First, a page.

There's no arguing the fact that when it gets hot outside, a nice cool and comfortable home created by an air conditioning system is a pleasure to walk into and relax in during the hottest part of the year in your location.
There are several different types of system that you can have installed in your home or office and this section of our website is here to look at them all and explain the differences and the benefits of each. But before that, let's take an important question that a lot of people have that concerns why they'd want or need to have a way to control the indoor climate and maintain a comfortable temperature by using AC.
Why You Need Air Conditioning
You may or may not believe that you really need to have a cooling system in your home, especially if you live in a part of the country where the weather stays cool for most of the year. Granted, if you live in Alaska for example, chances are your main focus is going to be on the more important necessity of heating and not on how to make it cooler indoors.
But of you live in an area that despite having cool or even bitterly cold winters, you still get some fairly hot summer temperatures, there are going to be several weeks in each year where you're going to feel uncomfortably hot in your home. Depending on how hot it gets outside and for how long, a means for providing some cool relief from that heat is going to be something you'll really want during those times, even if it doesn't enter your mind at other, cooler times of the year.
How Do You Keep Cool?
While you could argue that you can stay cool by taking cool baths or showers, or spending the day in the pool (if you have one), or maybe you believe that a regular fan is good enough, it doesn't help you when you're trying to get to sleep at night and you're laying in bed sweating profusely and feeling altogether miserably uncomfortable because it's just too hot.
You can't run a fan because the noise keeps you awake, or the constant breeze is not good for you if you suffer with rheumatism or arthritis. You certainly can't sleep in a bathtub full of cool water because there is the very real danger of sliding under the surface and drowning!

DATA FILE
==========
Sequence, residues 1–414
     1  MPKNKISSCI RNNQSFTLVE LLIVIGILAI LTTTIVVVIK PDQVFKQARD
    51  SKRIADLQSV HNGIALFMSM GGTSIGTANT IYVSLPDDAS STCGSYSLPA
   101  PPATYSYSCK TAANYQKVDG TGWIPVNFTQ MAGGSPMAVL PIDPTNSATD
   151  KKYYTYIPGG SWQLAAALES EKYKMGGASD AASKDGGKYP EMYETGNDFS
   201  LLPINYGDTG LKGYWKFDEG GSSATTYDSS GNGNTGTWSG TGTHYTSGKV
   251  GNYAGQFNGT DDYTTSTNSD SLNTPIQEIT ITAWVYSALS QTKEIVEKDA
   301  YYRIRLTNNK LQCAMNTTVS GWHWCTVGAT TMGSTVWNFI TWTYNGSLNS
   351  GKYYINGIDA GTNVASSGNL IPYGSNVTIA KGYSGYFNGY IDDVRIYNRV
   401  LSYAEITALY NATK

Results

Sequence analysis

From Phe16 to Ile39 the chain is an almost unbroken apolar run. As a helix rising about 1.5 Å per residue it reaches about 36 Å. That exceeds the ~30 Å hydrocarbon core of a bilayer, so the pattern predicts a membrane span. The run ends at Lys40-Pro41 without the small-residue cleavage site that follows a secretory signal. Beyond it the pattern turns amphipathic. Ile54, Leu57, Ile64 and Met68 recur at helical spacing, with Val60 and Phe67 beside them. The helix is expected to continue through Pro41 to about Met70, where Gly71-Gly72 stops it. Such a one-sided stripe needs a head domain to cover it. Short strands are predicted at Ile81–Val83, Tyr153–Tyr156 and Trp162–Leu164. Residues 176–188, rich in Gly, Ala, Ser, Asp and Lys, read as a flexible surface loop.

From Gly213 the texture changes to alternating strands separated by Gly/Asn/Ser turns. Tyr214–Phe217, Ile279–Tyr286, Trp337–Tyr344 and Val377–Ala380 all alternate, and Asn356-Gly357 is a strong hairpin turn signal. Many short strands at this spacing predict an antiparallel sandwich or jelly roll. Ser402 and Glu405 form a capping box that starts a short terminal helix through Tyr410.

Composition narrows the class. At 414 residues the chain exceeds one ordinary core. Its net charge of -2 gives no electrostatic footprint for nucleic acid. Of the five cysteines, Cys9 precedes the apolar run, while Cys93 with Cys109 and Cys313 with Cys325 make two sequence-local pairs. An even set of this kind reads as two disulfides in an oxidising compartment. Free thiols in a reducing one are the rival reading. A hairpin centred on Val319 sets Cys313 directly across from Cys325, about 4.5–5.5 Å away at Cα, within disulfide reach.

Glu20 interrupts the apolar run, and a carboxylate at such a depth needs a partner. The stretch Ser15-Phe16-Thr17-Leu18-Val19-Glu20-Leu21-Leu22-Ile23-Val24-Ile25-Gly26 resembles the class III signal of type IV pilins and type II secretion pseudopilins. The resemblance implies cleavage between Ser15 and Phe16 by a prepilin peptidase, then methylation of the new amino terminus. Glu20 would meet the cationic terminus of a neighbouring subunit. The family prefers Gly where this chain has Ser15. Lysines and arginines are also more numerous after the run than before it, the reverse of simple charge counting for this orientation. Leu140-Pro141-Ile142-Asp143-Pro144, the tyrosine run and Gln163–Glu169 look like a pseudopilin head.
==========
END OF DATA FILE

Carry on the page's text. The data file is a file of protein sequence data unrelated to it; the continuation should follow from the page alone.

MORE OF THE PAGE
It is for these times that a whisper quiet, modern mini-split air conditioner can come to the rescue to give you peaceful, comfortable sleep for a number of weeks when it would otherwise be too hot to sleep.
The added bonus with AC is that you can also feel cool during the daytime at home if you work from home or are a stay-at-home mom. Or you can come home from work to a nice cool home in the evenings and not have to spend them watching TV from inside your bathtub!
These are the reasons your home needs to have a climate controlled interior that keeps it cool in the hot part of the year as well as heating to keep it warm when it gets too cold outside.
What Types of AC Are There?
As already mentioned, there are different types of air cooling system, ranging from large, central air conditioning systems that control the temperature in the whole house or office building to individual room split systems and portable units that all work on the refrigeration basis that most people know and understand. There are also evaporative cooling systems that use less power than regular AC and work by chilling the air through the evaporation of moisture.
Both main types are covered but rather than create a huge single article that may take a long time to read, I have broken things down into smaller, more easy to read parts and created several individual information articles that cover each subtopic in greater detail without getting too long.
To make it easy to find the information you're searching for, here are those other articles published here. I already mentioned, they are related to this very topic that cover different important aspects of AC systems and individual units and which type might be the best choice for you. Take a look at the titles below:
- Portable Air Conditioner Without Exhaust Hose
- Portable Air Conditioners Dual Hose or Single Hose: Which is Better?
- Swamp Coolers
- AC Economy: Keeping Cool for Less